How can there be understanding if there is no dialogue to explain what mental illness is like? What we feel. The issues we deal with. The fear that mitigates everything we do. How can we help ourselves if we remain silent? Mental illness isn't the killer. Not by itself anyway. The real killer, the real murderer in our lives is silence. The fear of what others incorrectly think mental illness says about us as a person, the fear of being judged and abandoned, the fear of the wary eyed glances and shifty stares.  The fear of the stigma keeps us silent. The silence keeps us sick. The sickness makes us feel alone and broken. The brokenness slowly kills our soul, our self worth, and our resolve to keep going. The silence corrupts our ability to speak out and get help. It prevents us from supporting each other. It stops our ability to network and inform. It kills our belief in hope. And hope is the most important tool that we have. Hope for a new tomorrow. Hope for a new day. Hope that we can get better. Hope that we are going to have more good days than bad. Hope that we can live free of discrimination and judgment by others. Hope that somehow, somewhere there will be a better understanding of us and all that we go through. That we will one day be viewed like everyone else and not be feared or looked upon as violent offenders, when most of us are neither violent or offensive. If we do not speak, then our voices remain muted. If we do not open the conversation then no one will ever know that we are not just fine. That we are suffering. That we are in pain.

Not to mention, if we do not speak up then we can not correct the grievous mistakes that have been perpetrated against us. The bias, the discrimination, the incorrect preconceived notions, the misconceptions, and false fears. We can not teach the world that mental illness is not the thing of beasts or the creator of violence. It does not make us scary, dangerous, or evil. How do we teach the public that mental illness is a physical misfiring of the brain waves?  A malfunction of the cerebral cortex? How can we show the world that mental illness is not just a way to seek attention or something that is just in our heads? How do we explain that mental illness is no different than diabetes, or HIV, or a birth defect except that it is located in our brains? How do we get more support and understanding if we simply cease to speak about it? If we hide behind fear and stigma? If we allow the silence to rule our lives and slowly strangle the fight away from us?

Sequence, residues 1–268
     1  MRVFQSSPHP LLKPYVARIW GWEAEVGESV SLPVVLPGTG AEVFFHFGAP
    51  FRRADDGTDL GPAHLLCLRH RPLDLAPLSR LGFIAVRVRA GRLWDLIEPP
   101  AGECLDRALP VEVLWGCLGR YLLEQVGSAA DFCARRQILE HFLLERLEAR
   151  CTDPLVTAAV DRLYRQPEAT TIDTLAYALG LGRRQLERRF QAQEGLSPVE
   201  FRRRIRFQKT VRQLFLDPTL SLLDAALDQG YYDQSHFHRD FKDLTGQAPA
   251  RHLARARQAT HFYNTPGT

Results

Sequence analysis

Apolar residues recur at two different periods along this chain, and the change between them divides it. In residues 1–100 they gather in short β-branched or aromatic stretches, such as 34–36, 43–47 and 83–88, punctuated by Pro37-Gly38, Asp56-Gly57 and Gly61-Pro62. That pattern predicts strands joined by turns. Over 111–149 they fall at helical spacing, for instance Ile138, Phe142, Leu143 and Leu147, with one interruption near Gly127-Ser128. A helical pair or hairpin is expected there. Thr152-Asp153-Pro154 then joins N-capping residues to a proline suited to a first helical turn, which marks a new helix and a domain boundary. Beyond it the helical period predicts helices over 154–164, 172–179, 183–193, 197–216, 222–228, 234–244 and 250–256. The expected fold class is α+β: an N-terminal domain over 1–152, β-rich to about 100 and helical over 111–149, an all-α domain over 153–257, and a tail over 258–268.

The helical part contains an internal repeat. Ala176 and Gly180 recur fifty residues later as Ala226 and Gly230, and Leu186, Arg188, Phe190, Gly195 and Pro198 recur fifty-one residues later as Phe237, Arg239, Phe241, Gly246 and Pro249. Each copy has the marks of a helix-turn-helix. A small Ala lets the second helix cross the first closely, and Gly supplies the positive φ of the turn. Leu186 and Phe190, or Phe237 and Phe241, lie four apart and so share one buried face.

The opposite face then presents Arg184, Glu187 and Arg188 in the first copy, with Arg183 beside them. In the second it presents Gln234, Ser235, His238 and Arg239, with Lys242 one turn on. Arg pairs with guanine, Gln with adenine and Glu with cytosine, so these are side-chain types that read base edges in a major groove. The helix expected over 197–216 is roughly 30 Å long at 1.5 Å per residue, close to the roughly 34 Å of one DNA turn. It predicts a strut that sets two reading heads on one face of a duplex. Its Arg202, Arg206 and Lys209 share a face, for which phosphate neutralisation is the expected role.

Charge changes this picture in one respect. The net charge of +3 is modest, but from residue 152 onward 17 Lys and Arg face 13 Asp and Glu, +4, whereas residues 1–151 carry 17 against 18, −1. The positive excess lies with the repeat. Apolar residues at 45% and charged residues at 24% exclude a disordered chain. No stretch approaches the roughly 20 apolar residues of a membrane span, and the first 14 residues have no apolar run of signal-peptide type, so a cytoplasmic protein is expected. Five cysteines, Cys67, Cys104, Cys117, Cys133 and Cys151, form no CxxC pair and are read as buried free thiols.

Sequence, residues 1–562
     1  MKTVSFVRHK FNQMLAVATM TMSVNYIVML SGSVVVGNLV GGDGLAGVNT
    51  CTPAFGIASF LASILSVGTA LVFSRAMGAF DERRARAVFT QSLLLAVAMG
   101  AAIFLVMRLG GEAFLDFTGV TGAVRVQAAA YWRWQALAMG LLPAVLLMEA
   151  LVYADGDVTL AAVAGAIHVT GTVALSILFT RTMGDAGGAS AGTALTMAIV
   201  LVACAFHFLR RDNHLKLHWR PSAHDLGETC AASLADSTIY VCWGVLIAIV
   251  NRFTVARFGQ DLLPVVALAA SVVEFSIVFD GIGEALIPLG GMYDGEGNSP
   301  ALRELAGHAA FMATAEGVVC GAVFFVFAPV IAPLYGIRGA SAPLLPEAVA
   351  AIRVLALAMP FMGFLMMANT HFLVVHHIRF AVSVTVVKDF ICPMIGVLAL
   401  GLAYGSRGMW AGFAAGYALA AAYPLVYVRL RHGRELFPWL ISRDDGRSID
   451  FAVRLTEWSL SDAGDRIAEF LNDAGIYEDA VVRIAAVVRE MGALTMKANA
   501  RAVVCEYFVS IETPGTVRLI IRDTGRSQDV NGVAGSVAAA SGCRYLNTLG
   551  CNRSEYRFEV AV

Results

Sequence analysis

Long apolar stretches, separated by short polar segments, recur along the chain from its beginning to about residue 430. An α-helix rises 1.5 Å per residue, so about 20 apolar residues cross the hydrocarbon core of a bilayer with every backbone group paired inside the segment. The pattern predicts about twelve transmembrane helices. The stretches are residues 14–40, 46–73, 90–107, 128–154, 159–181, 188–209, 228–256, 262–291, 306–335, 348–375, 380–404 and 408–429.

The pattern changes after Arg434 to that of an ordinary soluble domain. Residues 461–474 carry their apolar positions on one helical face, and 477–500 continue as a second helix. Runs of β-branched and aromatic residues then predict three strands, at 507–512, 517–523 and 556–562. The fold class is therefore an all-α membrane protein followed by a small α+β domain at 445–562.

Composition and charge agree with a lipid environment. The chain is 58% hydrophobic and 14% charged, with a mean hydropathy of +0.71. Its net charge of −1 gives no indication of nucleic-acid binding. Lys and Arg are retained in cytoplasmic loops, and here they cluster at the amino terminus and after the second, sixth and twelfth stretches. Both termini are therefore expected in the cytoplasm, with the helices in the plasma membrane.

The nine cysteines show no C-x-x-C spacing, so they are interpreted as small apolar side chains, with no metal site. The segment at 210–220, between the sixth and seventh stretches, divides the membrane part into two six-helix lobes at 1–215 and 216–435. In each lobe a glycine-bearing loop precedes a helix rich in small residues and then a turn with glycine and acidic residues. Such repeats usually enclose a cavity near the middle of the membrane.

We don't have to feel this way.  We don't have to remain miserable. We don't have to be scared or lonely. We don't have to believe the self hate and self deprecation that we have told ourselves for years. We don't have to be afraid to reach out for help, or to support each other, or even to speak about why we are not just fine. We do not have to remain muted and suffer in silence like our parents, our grand parents, and all of those that suffered before us. We do not have to live in shame and be ashamed of what we have. We do not have to live in fear of stigma and judgment and misconceptions, but to do that we have to stop being silent.  You can not teach if you do not speak. You can not explain if you have no voice. We can not change the world by action alone. We have to open the conversation first. We have to be willing to lay it all out on the line and be honest. We have to stop saying that we are just fine when we aren't. We have to put down the paper dolls and toy trains and stop pretending. We have to realize that we are only forgotten and invisible if we allow ourselves to fade away into the darkness by accepting the stigma. By ceasing to speak out. By remaining willfully silent. We have to stop allowing the stigma to dictate our lives. We are not tarnished silver. We are not broken people. We are not crumpled paper on the ground. We are good, decent, strong human beings and we matter. We are valid and the only way other people will understand that is if we stand up and start talking about it. There is nothing shameful about asking for help. The is nothing shameful in standing up for yourself and there is nothing shameful in having a mental illness. 

That saying shouldn't be MENTAL ILLNESS LESS TALK AND MORE ACTION it should say MENTAL ILLNESS MORE TALK AND MORE ACTION. Because we deserve both the right to get better help and the right to talk openly about why we need that help. Without fear of judgment. Without fear or retaliation. Without fear of being misunderstood or discriminated against.

We all suffer. Some of us are more open about it, some of us are more private about it but none of us should suffer in silence. It doesn't have to be that way and it shouldn't be that way either. 

Neurotic Nelly







Tuesday, January 28, 2014

Frustrating....

The weather has been crappy and cold. It feels more like the Antarctic rather than the USA. I have been feeling a little overwhelmed and tired. I would like to get out and take a walk. I would like to sit on the front porch and bask in the sun. I would like to pretend that this depressing and oppressive winter is gone and spring has arrived....but it's been negative 18 all day so that plan is out.